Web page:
|Authors||Oltmann SC, Fischer A, Barber R, Huang R, Hicks B, Garcia N|
|Journal||J. Pediatr. Surg. Volume: 45 Issue: 1 Pages: 135-9|
|Publish Date||2010 Jan|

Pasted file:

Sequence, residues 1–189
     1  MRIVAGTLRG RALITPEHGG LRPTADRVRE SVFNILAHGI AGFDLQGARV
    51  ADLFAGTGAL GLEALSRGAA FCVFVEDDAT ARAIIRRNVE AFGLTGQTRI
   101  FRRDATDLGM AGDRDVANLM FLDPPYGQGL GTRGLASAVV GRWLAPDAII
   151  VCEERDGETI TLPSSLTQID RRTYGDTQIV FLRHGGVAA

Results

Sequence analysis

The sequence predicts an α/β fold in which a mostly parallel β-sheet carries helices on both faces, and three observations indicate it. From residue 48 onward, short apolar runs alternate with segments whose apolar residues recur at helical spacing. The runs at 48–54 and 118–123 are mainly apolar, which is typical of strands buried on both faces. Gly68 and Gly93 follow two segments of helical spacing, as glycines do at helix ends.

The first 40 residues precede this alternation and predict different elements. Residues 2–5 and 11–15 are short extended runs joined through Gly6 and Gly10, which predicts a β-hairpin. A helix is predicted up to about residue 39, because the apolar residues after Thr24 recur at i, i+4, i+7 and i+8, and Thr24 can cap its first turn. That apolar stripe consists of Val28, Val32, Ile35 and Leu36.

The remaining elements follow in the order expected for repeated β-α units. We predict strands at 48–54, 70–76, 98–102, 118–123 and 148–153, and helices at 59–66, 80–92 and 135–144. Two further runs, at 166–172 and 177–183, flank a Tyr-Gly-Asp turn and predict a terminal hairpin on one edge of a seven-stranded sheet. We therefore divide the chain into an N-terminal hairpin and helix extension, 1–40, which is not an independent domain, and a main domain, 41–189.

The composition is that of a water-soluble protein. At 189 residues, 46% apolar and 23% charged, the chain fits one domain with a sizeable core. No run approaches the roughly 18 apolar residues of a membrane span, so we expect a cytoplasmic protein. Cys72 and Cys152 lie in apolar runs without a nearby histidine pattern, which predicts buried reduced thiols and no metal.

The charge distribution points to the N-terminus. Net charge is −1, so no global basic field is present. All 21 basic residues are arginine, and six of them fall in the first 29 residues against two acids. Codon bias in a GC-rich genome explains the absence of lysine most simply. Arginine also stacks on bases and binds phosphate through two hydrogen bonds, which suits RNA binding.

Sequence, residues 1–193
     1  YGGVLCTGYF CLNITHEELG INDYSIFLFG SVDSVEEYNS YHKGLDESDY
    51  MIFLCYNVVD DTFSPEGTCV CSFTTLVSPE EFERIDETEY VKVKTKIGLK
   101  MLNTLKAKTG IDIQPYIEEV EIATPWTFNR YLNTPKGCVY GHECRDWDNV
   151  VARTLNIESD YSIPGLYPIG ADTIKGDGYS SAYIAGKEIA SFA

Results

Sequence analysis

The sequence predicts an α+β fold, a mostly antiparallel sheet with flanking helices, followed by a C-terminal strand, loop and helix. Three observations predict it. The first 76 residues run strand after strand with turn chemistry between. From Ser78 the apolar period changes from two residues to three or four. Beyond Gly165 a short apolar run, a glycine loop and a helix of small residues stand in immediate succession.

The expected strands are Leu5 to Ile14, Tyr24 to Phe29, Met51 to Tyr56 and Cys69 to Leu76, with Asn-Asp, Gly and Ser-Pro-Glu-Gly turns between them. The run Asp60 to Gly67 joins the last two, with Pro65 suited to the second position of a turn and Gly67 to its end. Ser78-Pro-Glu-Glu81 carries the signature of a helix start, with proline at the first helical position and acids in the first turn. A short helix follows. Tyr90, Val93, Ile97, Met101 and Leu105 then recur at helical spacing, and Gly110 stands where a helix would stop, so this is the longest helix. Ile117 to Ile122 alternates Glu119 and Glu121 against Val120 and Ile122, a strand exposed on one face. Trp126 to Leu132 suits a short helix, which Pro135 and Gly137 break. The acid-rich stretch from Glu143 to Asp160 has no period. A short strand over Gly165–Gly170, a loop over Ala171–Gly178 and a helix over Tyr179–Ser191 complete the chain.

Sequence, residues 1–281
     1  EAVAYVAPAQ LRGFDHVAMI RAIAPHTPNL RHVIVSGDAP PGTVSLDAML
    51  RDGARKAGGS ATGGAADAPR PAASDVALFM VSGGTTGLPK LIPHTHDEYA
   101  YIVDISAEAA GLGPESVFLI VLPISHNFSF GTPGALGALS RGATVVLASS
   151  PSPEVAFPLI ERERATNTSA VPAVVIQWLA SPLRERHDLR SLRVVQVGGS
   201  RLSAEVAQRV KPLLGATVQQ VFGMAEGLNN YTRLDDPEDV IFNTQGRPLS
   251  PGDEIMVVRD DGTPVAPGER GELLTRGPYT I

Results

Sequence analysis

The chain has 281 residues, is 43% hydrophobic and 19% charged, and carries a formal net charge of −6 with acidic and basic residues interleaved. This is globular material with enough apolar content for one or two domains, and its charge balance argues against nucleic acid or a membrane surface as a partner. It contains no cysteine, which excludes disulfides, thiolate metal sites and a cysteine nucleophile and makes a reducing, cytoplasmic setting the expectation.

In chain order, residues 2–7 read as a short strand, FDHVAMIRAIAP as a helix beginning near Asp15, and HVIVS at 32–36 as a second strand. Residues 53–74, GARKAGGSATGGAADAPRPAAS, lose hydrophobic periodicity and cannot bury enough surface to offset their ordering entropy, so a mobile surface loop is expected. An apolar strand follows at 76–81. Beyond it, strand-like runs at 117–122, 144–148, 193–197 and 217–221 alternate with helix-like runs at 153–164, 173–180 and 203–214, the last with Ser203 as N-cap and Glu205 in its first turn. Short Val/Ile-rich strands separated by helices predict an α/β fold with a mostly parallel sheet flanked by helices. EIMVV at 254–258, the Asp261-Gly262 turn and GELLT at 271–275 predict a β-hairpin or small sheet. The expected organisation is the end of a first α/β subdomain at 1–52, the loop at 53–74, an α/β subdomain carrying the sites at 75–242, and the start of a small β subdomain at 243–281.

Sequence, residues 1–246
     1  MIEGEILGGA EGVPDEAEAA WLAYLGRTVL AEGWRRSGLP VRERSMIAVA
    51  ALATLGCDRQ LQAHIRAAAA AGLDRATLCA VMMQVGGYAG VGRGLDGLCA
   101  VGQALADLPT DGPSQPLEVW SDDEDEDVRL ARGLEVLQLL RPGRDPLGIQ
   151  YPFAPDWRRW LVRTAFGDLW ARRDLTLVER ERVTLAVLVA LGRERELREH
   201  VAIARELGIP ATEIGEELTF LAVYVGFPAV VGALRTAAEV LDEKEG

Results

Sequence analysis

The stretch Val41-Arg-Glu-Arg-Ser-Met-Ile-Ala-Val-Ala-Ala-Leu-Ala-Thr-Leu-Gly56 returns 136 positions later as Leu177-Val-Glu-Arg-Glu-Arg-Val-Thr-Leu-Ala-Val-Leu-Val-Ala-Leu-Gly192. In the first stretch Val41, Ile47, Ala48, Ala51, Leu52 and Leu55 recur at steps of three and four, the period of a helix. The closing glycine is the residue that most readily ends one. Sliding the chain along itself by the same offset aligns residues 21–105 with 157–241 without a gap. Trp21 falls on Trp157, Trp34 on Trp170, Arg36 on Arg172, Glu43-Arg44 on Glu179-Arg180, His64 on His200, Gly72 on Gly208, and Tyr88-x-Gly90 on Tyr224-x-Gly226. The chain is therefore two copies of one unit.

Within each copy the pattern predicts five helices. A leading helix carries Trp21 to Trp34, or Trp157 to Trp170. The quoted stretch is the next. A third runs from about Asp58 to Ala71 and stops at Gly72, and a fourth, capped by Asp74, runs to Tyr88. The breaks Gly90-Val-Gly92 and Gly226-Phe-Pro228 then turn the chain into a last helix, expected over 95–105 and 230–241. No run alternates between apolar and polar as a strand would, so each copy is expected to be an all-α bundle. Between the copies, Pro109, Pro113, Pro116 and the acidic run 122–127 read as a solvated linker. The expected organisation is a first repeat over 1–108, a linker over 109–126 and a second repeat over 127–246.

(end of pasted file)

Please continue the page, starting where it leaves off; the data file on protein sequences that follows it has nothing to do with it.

With ovarian torsion, concern for underlying malignancy in the enlarged ovary has previously driven surgeons to resection. Detorsion alone has been recommended to allow for resolution of edema of the ovary with follow-up ultrasound surveillance to evaluate for a persistent mass, yet is not routine practice. However, the incidence of malignancies presenting as ovarian torsion is not documented. Does the risk of an underlying malignancy justify salpingoophorectomy and decreased fertility?After institutional review board exemption (IRB#-022008-095), a 15(1/2)-year retrospective review was conducted to identify cases of operative ovarian torsion in our medical center. Tumors with neoplastic pathology (malignant and benign) were analyzed and compared with all reported cases in the literature.A total of 114 patients (mean +/- SEM age, 10 years, 2 days to 19 years +/- 0.53) with operatively proven ovarian torsion were identified. Four malignancies (3.5%) and 26 benign neoplasms (23%) were present in this age group. Malignancies consisted of serous borderline tumors (2), juvenile granulosa cell tumor (1), and dysgerminoma (1). All were stage I: the former were stage IA and cured with resection alone, and 1 was a stage IB dysgerminoma, which required chemotherapy. The literature yielded a total of 593 cases of operative ovarian torsion with 9 (1.5%) malignancies and 193 (33%) benign neoplasms. The malignancies were juvenile granulosa cell tumor (n = 4), dysgerminoma (n = 2), serous borderline tumors (n = 2), and 1 undifferentiated adenocarcinoma.By combining our series with 13 in the literature, a 1.8% malignancy rate occurred in 707 patients with ovarian torsion, markedly less than the reported malignancy rate of 10% in children with ovarian masses. Thus, neither a pathologic nor malignant lead point should be assumed in cases of torsion. In our series, which represents the largest series of torsion in the pediatric literature, all malignancies presented as stage I. These data further support the implementation of operative detorsion and close postoperative ovarian surveillance, with reoperation for persistent masses. Further study is needed to determine if delaying resection by weeks in those cases of persistent masses would result in tumor progression and thus change prognosis.